Time Tools


  • Timing Processes
  • Inquiring Time And Date
  • Calendar
  • Time Zones And Setting Time
  • Keeping Time
  • High Accuracy NTP Server
Section index - KB index

Every so often you want a quick check on what time it is. Or what time it is halfway around the globe. Or what week day a certain day in the past was or will be in the future. Or maybe you have one of those annoying machines which can't keep the correct system time and you want to change that.

Linux comes with a lot of built-in 'time tools' which you can easily access from the command line (and of course some graphical front-ends). This article introduces some of them.

Timing Processes

Confusingly enough there's a

command on your machine, but it doesn't tell you the time ;-). The 'time' command derives its name from the verb, not from the noun; it is intended to measure the time and system resources a certain application needs to run:

$ time updatedb<br> 1.10user 0.56system 0:01.69elapsed 98%CPU (0avgtext+0avgdata 0maxresident)k 0inputs+0outputs (390major+1742minor)pagefaults 0swaps

This tells you that the 'updatedb' process (used to update the 'slocate' database') needed 1.1 CPU-seconds in user mode, 0.56 CPU-seconds in kernel mode and 1.69 'real' seconds to complete it's task. During this task, the process got 98% of all available CPU time (computed by adding up both 'CPU-seconds' values and dividing the result by the 'real' time value).
The following values tell you something about the memory and input/output (I/O) resources used by the process (read

man time
for the gory details).

So 'time' makes a quick and dirty benchmarking tool, e.g. for kernel compilations. Its results, however, should be taken with some grains of salt. It's not intended to be scientifically accurate.

To complicate things further, there's also a

This bash specific command prints "the accumulated user and system times for processes run from the shell."

section index

Inquiring Time And Date

Most window managers and desktop environments offer their own graphical time and date tools and / or applets. The Mandrake Control Center also comes with an embedded time utility, draktime ('System' - 'Date & Time'). Most if not all of these tools are graphical interfaces to the

command line tool.

In it's most simple form, 'date' echoes the current system time and date:

$ date<br>  Thu Nov 1 13:04:19 CET 2001

If you have a look at 'date's info pages however, you will discover that it offers a plethora of options and time formatting strings.

The most interesting options are '-d', '-s' and '-u':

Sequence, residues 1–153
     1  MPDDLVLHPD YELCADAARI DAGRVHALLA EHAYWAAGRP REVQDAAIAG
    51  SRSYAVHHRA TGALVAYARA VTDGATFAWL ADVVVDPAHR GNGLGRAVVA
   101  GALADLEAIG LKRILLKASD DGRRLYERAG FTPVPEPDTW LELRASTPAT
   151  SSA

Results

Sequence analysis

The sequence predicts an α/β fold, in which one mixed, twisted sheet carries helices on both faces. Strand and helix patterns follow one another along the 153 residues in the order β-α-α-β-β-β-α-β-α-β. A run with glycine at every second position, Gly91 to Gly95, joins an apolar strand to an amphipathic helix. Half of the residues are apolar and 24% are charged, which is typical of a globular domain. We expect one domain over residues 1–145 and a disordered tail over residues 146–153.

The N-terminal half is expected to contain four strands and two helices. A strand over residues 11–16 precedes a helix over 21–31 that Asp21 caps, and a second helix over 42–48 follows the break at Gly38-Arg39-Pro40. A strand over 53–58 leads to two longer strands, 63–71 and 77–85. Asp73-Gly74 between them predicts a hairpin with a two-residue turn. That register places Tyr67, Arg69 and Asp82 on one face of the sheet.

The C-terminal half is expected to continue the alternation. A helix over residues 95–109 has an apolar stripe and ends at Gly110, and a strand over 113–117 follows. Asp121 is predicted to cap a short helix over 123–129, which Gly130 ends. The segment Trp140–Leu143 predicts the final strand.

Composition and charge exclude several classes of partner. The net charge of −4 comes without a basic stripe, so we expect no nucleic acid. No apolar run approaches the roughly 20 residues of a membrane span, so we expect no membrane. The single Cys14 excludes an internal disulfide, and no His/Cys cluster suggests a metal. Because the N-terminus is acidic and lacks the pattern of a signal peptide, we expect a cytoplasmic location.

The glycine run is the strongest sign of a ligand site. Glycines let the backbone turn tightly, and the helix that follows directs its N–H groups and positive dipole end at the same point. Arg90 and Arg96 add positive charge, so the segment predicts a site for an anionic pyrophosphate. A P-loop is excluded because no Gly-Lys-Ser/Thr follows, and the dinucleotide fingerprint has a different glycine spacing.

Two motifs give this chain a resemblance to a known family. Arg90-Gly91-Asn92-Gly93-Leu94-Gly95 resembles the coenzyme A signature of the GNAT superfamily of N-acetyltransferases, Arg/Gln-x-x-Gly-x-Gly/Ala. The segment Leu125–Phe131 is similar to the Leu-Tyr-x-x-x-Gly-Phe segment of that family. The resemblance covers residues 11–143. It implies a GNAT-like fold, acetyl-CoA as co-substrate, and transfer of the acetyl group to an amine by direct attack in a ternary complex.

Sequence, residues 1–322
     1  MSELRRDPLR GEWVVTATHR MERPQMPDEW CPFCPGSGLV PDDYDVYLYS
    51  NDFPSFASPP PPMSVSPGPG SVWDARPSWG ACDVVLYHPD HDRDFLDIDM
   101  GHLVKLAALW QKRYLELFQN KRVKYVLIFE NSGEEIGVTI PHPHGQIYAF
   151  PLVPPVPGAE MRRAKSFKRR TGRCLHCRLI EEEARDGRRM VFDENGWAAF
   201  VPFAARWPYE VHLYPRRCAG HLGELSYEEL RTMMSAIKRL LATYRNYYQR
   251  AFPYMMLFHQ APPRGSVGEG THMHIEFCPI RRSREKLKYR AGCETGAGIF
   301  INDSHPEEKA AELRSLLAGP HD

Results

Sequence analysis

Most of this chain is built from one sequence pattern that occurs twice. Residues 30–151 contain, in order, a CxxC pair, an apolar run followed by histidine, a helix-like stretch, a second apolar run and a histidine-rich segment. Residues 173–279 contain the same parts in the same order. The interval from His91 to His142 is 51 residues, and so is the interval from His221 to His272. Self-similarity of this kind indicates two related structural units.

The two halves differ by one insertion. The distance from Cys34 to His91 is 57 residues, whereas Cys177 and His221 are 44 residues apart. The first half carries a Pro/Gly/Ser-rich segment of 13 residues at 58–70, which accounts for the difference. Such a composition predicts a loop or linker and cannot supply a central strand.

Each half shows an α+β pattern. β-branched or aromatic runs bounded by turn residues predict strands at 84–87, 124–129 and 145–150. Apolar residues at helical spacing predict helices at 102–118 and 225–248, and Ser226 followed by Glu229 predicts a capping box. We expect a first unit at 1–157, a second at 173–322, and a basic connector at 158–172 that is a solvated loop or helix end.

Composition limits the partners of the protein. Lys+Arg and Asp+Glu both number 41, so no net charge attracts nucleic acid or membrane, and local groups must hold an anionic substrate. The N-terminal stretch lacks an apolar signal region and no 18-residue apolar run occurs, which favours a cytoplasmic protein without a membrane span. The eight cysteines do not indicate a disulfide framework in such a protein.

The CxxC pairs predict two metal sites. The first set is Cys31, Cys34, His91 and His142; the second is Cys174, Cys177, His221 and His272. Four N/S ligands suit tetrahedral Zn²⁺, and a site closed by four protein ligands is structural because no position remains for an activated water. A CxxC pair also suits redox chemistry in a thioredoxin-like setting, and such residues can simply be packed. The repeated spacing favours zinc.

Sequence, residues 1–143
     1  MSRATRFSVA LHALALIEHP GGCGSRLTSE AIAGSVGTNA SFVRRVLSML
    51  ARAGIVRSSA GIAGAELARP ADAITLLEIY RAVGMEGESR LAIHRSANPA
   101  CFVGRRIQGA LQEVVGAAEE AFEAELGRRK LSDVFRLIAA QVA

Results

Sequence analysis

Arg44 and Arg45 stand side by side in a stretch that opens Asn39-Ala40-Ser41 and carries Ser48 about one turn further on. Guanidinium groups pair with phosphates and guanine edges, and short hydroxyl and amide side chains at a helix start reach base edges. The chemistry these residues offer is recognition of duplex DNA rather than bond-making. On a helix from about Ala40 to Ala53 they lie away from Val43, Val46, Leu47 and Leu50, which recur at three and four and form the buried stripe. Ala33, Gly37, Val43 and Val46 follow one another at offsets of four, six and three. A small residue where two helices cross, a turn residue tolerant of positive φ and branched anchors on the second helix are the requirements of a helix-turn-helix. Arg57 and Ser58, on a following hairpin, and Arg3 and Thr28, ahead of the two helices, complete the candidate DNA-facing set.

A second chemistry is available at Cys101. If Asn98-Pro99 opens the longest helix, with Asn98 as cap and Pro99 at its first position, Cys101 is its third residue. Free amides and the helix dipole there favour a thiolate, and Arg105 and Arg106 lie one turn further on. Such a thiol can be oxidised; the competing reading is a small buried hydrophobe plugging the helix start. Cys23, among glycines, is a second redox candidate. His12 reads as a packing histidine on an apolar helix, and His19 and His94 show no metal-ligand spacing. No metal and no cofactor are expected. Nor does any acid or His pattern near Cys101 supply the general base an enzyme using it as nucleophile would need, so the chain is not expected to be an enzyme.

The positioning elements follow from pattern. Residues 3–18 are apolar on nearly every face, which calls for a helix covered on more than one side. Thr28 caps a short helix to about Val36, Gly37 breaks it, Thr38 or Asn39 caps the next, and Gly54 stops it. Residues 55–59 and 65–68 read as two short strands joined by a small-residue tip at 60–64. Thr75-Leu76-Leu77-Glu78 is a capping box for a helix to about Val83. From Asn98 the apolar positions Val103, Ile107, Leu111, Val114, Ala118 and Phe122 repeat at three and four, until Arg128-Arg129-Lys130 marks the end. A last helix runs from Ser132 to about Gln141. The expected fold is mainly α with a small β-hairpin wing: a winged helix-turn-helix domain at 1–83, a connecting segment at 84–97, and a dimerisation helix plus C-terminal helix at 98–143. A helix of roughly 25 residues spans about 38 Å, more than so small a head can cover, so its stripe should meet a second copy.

• '-d' allows you to inquire times and dates which are not 'now':
$ date -d yesterday<br>  Wed Oct 31 13:12:30 CET 2001

$ date -d 1969-04-16<br>  Wed Apr 16 00:00:00 CET 1969

$ date -d pst<br> Thu Nov 1 09:00:00 CET 2001

'pst' marks the Pacific Standard Time timezone. For more valid strings, check the 'Shell utilities' info page, node 'Date input formats'

  • '-s' allows the system administrator to set the system time and date:
date -s 2001-11-01<br>  date -s 21:08:0

More on setting time in the second to next chapter.

  • '-u' is a shortcut option for '-d utc' and displays the current Universal Coordinated Time (formerly known as 'Greenwich Mean Time, GMT').
The formatting strings of the 'date' command allow you to control the output in great detail. Let's say you want to know in which week May 20th 1965 was:

$ date -d "1965-05-20" +%U<br>  20

Formatting strings follow options and the date string and have to be preceded with a '+'. You can use as many formatting strings you want:

$ date -d "1965-05-20" +'Week: %U, Day Nr: %j, Day: %a'<br> Week: 20, Day Nr: 140, Day: Thu

This tells you that the 20th of May 1965 was in the 20th week of the year, that it was the 140th day of that year and that it was a Thursday. Remember to put the formatting string into single quotes if it contains empty spaces.

section index



command provides you with a neat console calendar:

$ cal
November 2001
Mo Tu We Th Fr Sa Su
1  2  3  4
5  6  7  8  9 10 11
12 13 14 15 16 17 18
19 20 21 22 23 24 25
26 27 28 29 30

'cal' takes only a few options, the most relevant are:

  • '-3' displays the calendars of the previous, current and next month side by side.
  • '-y' displays the calendar for the current year.
  • '{month} {year}' displays the specified month of the specified year:
$ cal 09 1958
September 1958
Mo Tu We Th Fr Sa Su
1  2  3  4  5  6  7
8  9 10 11 12 13 14
15 16 17 18 19 20 21
22 23 24 25 26 27 28
29 30

section index

Time Zones And Setting Time

The world is divided into 25 time zones, with UTC (former GMT) being the 'zero' zone. Before the widespread use of the DOS and Windows 9x operating systems, computer hardware clocks were usually set to UTC and the operating system would handle the conversion to the actual time zone.

DOS and its derivatives however can't do this conversion, they assume that the hardware clock time is the current time. That is, if you set your hardware clock to UTC, Unix operating systems and Windows NT and successors will display the current time whereas DOS and derivatives will display the UTC. If you dual-boot with latter operating systems, it is recommended to set the hardware clock to the current time. If not, set it to UTC. Mandrake Linux defaults to setting the clock to local time.
Most time related problems on Linux like 'jumping' system times, shifting time stamps in various applications (especially in mail programs), no automatic Daylight Saving Time switching are due to the fact that the hardware clock is not set to UTC.

Information on the current time zone and hardware clock setting is stored in '/etc/sysconfig/clock'. To see which time zones are available or to set a per user time zone via the TZ variable, use the